If you can find the boxed book sets you will often save money on a treasured home book collection that you can read with your children or they can read to you over and over again! I buy them and start as read alouds then as reading skills advance we read together and eventually your child can read these gems independently! Once you read that first book in a series that is a hit, stick with that series for a little while to get to know characters and text features that just aren’t available on the easy reader books they used in Kindergarten.

Elephant & Piggy by Mo Willems

The Complete collection is a great value if you are worried about paying money for books your kids will grow out of quickly. The complete set has 25 books plus book ends and supports 1st grade to early 3rd grade readers, respectively. This is a home library MUST HAVE! The main characters (Gerald-elephant and Piggy) are super silly and lovable best friends who learn about friendship, communication, taking turns, sharing, waiting, etc. This is still our favorite book set, even though my son has moved on to chapter books. The story lines contain silly adventure with different animals sometimes making an appearance in the story for example “Can I Play Too?”.

Fly Guy Presents Series

This is a super fun Non Fiction based series. I highly recommend the 8 book boxed set. Kids love these easily relate-able books with plenty of science topics like Scary Creatures, Sharks and community helpers like Firefighters, to name a few.

King & Kayla Series By Dori Hillestad Butler

I love that someone made a girl and her dog series at a first grade level (middle or end of the year)! King & Kayla series is like Henry & Mudge meets Nate the Great. The stories are told by King (the point of view of the dog). The texts are simple enough to be an introduction to real “big kid” chapter books but not too intimidating. I think the best feature of this series is that the main character is BIPOC. There just aren’t enough inclusive chapter book series. This series could be used as a read aloud or shared reading until readers have matured enough in their reading to take on beginning chapter books.

Entry Level Series

Charlie & Mouse by Laurel Snyder

A super cute series about 2 brothers and the sweet way the navigate through life’s situations together. This book series is a fantastic first chapter book series! There is no boxed book set (right now) maybe one day in the future. So far there are 5 books in the series. I recommend reading these in order, although you do not have to.

Simple Text Reader Series

Puppy Mudge Series by Cyntha Rylant

From the award winning author Cynthia Rylant & author of over 100 other children’s books Puppy Mudge is the adorable prequel to the second grade classic Henry & Mudge. This 6 book set is full of adventures and friendship between a little boy and his puppy. The books in this series include grade level appropriate CVC words, sight words and repetitive vocabulary. This book set is multi-level so take care to read these together or as a read aloud if the child’s independent reading level is not quite there yet.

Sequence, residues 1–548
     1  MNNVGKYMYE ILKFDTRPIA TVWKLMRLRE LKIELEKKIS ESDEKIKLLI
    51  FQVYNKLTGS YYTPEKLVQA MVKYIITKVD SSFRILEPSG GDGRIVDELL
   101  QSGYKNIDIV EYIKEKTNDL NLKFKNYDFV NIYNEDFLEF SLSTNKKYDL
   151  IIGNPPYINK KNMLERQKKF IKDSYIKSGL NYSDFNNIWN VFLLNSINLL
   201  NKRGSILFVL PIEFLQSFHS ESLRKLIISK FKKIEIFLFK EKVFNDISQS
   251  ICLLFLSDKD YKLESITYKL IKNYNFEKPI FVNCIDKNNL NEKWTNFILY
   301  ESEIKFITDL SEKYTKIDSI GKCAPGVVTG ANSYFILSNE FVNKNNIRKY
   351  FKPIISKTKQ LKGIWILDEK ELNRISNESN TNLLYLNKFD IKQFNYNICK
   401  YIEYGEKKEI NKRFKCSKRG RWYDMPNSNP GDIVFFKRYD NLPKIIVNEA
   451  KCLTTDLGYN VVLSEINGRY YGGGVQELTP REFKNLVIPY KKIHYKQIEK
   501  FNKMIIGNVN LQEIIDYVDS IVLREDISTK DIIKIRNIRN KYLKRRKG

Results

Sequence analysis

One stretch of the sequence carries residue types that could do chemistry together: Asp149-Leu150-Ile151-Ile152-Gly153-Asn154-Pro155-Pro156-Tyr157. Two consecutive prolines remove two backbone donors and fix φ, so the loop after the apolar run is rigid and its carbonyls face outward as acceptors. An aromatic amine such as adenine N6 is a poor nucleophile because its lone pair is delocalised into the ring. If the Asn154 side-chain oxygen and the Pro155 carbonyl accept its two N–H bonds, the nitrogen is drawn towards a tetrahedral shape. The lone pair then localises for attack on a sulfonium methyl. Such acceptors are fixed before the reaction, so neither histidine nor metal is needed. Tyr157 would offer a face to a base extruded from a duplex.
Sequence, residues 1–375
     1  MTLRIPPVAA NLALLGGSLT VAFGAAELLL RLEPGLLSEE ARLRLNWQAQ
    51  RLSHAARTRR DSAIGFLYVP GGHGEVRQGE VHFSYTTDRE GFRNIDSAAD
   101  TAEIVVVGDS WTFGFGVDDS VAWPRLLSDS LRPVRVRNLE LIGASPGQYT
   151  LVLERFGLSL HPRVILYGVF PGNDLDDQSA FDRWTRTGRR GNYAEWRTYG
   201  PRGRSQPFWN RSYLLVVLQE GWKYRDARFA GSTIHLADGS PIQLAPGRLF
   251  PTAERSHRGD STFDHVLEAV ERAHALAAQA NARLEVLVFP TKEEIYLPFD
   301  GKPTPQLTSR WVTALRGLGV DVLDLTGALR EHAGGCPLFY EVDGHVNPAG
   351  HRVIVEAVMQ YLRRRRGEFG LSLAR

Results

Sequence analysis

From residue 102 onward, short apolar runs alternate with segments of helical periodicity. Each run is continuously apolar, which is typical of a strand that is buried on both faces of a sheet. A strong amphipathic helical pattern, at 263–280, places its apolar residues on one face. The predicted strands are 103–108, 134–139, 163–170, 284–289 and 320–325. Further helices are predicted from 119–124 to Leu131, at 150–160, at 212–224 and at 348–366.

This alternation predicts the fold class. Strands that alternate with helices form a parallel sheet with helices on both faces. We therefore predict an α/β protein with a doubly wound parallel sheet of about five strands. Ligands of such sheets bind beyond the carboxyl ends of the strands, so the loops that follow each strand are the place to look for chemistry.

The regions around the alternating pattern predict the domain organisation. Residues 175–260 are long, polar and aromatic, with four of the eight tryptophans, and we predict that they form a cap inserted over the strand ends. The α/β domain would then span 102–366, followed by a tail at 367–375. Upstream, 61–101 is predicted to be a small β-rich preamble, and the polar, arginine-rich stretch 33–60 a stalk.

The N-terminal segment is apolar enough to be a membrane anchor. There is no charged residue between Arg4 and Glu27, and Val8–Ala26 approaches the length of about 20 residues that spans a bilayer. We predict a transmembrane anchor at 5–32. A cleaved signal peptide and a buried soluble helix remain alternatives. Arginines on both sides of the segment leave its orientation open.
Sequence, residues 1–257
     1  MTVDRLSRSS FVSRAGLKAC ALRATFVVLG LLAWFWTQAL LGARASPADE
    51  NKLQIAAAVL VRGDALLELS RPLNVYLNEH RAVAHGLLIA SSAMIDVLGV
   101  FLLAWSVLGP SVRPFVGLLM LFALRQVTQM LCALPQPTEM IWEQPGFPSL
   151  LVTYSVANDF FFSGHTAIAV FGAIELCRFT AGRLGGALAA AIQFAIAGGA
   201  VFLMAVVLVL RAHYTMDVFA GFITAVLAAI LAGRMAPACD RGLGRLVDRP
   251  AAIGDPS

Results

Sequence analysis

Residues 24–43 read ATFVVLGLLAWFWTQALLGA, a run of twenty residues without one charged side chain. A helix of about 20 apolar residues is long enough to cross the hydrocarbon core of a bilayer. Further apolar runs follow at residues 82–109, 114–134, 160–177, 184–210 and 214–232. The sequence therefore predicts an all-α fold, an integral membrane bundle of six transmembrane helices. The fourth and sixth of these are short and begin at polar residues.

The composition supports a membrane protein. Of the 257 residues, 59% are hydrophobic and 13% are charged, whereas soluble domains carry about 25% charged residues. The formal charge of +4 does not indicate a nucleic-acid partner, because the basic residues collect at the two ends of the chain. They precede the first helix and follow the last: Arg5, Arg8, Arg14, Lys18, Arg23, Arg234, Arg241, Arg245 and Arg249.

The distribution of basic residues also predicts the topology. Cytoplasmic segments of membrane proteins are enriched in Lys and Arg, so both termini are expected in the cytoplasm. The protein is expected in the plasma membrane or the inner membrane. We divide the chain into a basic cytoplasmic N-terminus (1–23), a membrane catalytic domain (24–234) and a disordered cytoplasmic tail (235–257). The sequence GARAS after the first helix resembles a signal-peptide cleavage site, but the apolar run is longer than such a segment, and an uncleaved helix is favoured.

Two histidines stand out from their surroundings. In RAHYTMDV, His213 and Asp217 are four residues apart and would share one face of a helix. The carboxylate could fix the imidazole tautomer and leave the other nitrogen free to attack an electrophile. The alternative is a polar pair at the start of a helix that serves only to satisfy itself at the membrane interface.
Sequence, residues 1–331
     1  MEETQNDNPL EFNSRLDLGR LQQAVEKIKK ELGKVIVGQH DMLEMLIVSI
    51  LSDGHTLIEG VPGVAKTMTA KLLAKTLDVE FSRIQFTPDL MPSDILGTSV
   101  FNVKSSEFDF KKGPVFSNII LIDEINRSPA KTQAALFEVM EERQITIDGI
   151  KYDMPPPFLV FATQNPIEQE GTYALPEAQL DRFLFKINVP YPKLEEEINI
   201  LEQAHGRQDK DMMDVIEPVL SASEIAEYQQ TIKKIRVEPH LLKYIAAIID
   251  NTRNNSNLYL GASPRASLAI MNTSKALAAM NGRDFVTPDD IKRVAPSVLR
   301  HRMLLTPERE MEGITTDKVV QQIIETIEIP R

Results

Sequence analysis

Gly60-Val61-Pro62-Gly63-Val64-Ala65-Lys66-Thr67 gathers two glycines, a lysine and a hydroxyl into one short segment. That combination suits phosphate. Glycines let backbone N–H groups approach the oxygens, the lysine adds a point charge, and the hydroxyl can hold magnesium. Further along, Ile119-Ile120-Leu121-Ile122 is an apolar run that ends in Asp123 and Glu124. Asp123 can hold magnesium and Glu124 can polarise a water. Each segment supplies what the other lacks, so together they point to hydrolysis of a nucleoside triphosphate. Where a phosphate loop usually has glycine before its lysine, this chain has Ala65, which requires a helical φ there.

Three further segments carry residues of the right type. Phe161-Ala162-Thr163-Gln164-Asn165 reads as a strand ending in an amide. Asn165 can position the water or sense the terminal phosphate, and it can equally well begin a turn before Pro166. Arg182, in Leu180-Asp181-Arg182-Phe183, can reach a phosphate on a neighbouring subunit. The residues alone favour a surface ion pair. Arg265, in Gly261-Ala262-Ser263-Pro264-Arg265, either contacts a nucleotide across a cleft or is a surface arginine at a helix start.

Tiny Series by Carrie Meister

Cute easy to read texts with cute relatable story lines like Tiny Goes Camping. This series comes in set for Kindle or individually. I highly recommend the paper back books for as the best fit for emergent readers. It’s important for young readers to have concrete independent reading experiences.

Early Readers throughout the year

Best Books by reading level (Fountas & Pinnell)

1st Grade Reading Books for the Beginning of the year

The “My First I Can Read” and “Step Into Reading” Series are for more advanced beginners. They are not for children who are just barely have learned the letter sounds and cvc words. More simple and predictable texts are recommended for this level of reading (see Kindergarten Books to Read).

Reading Level D

Characteristic examples of text; 2- 6 lines of text on each page, fewer repetitive language patterns, longer and more complex sentences (contractions, -ing & -s endings), simple dialog.

Reading Level E

Characteristic examples of text; up to 8 lines of text on each page, longer sentences (up to 10 words), literary language, variation of words (ex: said, cried, shouted), some sequential information.

Reading Level F

Characteristic examples of text: Longer sentences (more than 10 words) and dialogue, compound sentences, inflectional endings (for example -ed), varied placement of subject, verb, adverb, prepositional phrase.

1st Grade Reading Books Middle of the Year

Reading Level G

Characteristic text examples: content specific vocabulary, some unfamiliar experiences (that maybe most children have not yet had), slightly smaller print, more complex language, clauses and phrases.

Reading Level H

Text Characteristic examples: More complex spelling patterns (expand the “sound-it-out” strategy if that was taught to the child), minimal illustrations, easy compound words, more descriptive language.

First Grade Reading Books End of the Year & Summer Reading

Reading Level I

Characteristic examples: More complex story structure like compare/contrast or problem/solution, 8-16 pages of print such as easy chapter books, expanded sight word vocabulary.

Reading Level J

Characteristic examples: even more complex spelling patterns like multisyllabic words, inflectional endings, plurals, contractions, and possessives, processing more complex sentences is easy.

More First Grade Books

Picture Books

First graders enjoy light hearted books involving easily relatable topics like best friends, making new friends and picture books where the main characters learns how to solve a problem or overcome a challenge.

1st Grade Reading Books